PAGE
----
The one where they blame Republicans for Ebola coming and spreading in the United States. Nick Gillespie has a great rebuttal:
The report notes that "Pandemic Preparedness funding through the GHP account totaled $50 million, a decrease of $22.5 million (-31%) below FY14." Let's stipulate two things. First, $50 million is both a lot of money and not a lot of money in terms of federal spending. I doubt anyone seriously thinks that spending more in the year to come would have stopped Ebola outbreaks that began in fiscal 2014. Second, the requested decrease is in President Obama's budget. Is he a Republican now?
Then there's the National Institutes of Health (NIH), whose role in developing new medicines and interventions has been supposedly destroyed by cuts over the years, right? According to its budget documents, the NIH got about $23 billion in fiscal 2002 (George W. Bush's first budget year), a figure that rose to $30.2 billion in 2009 (his last budget year) before peaking at $31 billion in 2010. It dipped a bit from then and came to $30.1 billion in 2014, which is about the same amount the NIH requested in President Obama's 2015 budget plan.
You can argue that the United States needs to be constantly and massively increasing its spending on everything and that every time spending doesn't go up in a lockstep fashion (and faster than inflation, as it did throughout the Bush years) that you're killing people. You can also argue that the topline budget figures for various agencies don't matter, but then you're really talking about the ways in which bureaucracies, especially in the budget sector, misallocate resources. The one thing you really can't do is say that the federal government, which is not actually controlled by the Republicans (just saying), has been slashing its spending on anything.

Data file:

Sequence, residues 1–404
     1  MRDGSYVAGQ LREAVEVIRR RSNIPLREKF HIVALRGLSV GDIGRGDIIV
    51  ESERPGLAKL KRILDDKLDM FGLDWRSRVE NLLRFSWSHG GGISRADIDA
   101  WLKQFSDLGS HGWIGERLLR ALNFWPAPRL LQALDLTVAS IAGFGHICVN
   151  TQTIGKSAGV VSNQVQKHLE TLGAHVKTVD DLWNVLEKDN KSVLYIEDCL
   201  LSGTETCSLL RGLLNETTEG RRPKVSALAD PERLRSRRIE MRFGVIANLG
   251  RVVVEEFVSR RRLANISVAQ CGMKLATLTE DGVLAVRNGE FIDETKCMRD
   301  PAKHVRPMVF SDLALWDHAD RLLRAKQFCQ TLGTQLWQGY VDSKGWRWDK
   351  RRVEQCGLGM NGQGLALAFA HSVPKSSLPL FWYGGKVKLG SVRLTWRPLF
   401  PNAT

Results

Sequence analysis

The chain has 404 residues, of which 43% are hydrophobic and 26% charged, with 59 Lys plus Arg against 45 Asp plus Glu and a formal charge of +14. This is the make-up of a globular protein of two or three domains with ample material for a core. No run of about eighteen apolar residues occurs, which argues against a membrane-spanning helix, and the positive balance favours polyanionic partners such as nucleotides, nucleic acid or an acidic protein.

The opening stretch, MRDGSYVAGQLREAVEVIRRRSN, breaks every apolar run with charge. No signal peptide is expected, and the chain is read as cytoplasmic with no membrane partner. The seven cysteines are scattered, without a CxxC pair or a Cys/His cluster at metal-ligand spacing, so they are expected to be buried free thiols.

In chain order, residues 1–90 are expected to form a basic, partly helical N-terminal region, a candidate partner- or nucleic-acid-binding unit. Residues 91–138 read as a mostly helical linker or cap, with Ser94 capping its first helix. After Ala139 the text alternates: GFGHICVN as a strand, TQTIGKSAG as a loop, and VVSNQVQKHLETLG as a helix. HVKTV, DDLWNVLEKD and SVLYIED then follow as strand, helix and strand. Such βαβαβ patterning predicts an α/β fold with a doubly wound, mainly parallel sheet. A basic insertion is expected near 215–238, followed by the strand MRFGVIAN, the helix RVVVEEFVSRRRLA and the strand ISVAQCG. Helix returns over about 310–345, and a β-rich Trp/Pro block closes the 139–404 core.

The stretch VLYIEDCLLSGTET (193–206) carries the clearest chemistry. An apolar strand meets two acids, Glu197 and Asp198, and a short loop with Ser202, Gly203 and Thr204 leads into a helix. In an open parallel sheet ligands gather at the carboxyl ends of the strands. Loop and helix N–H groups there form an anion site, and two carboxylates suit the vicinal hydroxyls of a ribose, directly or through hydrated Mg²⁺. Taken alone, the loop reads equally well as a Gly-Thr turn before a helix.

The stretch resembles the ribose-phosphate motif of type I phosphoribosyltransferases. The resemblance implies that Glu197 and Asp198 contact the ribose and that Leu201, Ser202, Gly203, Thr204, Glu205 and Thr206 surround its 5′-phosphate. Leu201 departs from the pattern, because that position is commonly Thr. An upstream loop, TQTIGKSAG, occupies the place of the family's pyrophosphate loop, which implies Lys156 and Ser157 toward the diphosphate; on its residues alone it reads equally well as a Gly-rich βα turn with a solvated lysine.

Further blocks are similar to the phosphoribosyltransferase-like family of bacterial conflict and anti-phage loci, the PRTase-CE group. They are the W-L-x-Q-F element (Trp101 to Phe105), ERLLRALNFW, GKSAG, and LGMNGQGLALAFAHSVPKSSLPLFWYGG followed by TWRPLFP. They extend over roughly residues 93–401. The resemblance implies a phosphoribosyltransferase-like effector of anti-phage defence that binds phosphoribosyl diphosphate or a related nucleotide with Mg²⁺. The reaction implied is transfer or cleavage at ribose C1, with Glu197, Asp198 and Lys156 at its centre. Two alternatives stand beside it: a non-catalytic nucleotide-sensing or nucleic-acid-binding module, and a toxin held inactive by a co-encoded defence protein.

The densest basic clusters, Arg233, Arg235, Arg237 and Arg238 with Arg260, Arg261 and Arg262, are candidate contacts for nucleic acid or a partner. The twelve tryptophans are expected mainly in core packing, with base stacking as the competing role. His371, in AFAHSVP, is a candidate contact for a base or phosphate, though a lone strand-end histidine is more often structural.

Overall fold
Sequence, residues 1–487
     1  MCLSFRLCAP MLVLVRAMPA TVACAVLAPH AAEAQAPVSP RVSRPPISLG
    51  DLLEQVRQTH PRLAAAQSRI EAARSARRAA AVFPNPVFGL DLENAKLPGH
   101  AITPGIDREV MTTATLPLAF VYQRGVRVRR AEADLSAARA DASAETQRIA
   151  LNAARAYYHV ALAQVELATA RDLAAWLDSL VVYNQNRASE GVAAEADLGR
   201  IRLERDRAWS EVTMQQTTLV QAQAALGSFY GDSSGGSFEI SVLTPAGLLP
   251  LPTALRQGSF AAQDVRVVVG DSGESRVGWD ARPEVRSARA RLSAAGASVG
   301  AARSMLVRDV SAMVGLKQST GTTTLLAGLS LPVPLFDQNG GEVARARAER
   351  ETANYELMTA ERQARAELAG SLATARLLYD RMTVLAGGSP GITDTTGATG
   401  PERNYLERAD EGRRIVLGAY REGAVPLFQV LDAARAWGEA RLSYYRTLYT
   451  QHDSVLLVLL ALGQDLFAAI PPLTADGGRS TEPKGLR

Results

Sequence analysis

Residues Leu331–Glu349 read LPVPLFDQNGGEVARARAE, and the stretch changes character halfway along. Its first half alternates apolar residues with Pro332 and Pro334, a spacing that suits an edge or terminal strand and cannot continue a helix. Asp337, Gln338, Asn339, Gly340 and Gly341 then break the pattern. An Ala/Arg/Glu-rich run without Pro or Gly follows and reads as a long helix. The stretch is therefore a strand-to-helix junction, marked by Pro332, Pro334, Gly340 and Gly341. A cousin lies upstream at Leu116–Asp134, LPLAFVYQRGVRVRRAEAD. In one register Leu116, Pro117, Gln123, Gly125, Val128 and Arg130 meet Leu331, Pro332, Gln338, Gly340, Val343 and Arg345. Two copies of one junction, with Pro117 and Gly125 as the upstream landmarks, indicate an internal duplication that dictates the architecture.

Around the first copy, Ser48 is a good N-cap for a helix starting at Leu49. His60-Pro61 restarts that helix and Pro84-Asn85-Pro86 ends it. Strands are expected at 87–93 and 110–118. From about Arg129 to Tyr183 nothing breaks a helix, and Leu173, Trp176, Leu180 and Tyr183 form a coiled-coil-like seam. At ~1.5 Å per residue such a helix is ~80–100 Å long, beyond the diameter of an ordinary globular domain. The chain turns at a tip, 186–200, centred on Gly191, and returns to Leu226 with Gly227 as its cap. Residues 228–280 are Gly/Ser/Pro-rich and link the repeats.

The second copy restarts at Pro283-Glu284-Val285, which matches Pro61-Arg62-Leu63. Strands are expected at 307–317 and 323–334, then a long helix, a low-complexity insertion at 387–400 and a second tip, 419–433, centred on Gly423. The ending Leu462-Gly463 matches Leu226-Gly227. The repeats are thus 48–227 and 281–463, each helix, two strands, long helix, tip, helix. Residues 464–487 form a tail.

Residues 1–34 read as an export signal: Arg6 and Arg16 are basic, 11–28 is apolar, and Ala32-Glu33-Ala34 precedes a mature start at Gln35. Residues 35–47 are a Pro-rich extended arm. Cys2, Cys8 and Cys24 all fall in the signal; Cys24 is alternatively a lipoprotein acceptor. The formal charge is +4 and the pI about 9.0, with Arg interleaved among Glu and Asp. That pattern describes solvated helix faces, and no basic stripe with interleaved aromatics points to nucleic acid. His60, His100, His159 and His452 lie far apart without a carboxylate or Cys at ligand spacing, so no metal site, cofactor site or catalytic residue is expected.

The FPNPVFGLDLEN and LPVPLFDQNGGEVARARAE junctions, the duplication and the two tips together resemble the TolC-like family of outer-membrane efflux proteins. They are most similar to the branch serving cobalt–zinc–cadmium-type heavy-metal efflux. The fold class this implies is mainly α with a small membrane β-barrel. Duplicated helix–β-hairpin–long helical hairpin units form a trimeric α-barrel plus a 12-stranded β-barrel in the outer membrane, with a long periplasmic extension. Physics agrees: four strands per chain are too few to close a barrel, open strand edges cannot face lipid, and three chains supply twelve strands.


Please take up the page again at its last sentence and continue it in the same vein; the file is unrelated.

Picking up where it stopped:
The sequestration argument is a loser, too, as the chart above made by Mercatus Center economist and Reason columnist Veronique de Rugy shows.
If we were living on such thin ice that the difference between sequestration (the president's idea, just saying) and non-sequestration is the difference between life and death or Ebola and health, we're screwed anyway.
I can understand why Democrats are trying to turn the Ebola outbreak here and abroad into a campaign issue. But that sort of gambit is more likely to draw attention to the failure and incompetency of public health bureaucrats here and abroad. That's probably not good for Democrats, given that the run the White House and the agencies in question.
Read the whole thing.